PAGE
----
“We cannot continue to attempt to fix our dire crime situation in a vacuum”

It is quite daunting to think the peaceful community where I grew up is now one of the most violent places in the parish of Clarendon. Incidents of crime and violence were infrequent and would be concentrated to specific areas during my formative and teenage years. I often walked for more than a mile several nights, well after midnight, after hanging out with friends. There weren’t many street lights and several of the few that existed, including the one by my gate, didn’t work most times. Unoccupied land resembled a forest. There was no police patrol, but I didn’t feel anxious about the likelihood of being a victim of crime.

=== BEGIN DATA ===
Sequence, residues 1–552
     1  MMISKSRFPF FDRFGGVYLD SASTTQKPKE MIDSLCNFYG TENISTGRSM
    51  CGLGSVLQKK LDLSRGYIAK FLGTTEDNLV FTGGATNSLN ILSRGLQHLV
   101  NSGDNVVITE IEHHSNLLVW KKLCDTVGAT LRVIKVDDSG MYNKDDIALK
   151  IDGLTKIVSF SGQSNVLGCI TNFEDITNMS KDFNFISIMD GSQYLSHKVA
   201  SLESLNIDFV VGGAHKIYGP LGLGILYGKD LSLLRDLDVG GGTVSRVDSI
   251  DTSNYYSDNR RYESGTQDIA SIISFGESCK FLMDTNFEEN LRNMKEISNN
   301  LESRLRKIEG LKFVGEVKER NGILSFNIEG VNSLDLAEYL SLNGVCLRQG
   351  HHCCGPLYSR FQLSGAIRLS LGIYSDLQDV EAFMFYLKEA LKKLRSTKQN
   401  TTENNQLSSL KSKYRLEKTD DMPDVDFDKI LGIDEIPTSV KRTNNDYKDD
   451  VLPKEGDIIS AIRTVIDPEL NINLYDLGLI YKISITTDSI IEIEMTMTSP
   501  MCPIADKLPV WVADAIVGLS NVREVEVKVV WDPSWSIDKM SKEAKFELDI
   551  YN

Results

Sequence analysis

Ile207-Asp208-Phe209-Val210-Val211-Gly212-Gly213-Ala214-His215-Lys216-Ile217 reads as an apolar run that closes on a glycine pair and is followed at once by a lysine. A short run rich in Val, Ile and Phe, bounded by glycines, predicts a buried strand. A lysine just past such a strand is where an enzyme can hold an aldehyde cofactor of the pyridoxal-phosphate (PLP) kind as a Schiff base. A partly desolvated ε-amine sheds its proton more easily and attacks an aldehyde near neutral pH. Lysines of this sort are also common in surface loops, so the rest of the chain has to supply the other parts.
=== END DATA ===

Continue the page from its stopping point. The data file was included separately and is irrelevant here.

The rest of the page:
– Jaevion Nelson

This is a thought-provoking, first-person account by human rights activist Jaevion Nelson in today’s Gleaner. He writes about how crime and violence affect him and the community in which he grew up. As someone who did not grow up here and has only been here a short time, I am reluctant to talk about crime and violence and how it has impacted me, so accounts like this are always welcome.

In fact, crime and violence are a part of life here. They dictate everything, from how you move about, to where you live to what you buy. Please read Jaevion’s column to get a sense of how the situation is evolving. Jae points to community development and creating more opportunities for youth as potential solutions and I would tend to agree.

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